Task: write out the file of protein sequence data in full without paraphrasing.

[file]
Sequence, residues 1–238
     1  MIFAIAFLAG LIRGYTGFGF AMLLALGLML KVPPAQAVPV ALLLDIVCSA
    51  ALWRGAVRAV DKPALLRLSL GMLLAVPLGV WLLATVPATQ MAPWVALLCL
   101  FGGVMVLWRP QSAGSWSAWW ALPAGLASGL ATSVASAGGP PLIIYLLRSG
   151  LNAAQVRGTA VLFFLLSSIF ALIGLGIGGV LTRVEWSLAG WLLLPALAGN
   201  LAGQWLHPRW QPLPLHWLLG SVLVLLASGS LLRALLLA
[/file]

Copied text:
Sequence, residues 1–238
     1  MIFAIAFLAG LIRGYTGFGF AMLLALGLML KVPPAQAVPV ALLLDIVCSA
    51  ALWRGAVRAV DKPALLRLSL GMLLAVPLGV WLLATVPATQ MAPWVALLCL
   101  FGGVMVLWRP QSAGSWSAWW ALPAGLASGL ATSVASAGGP PLIIYLLRSG
   151  LNAAQVRGTA VLFFLLSSIF ALIGLGIGGV LTRVEWSLAG WLLLPALAGN
   201  LAGQWLHPRW QPLPLHWLLG SVLVLLASGS LLRALLLA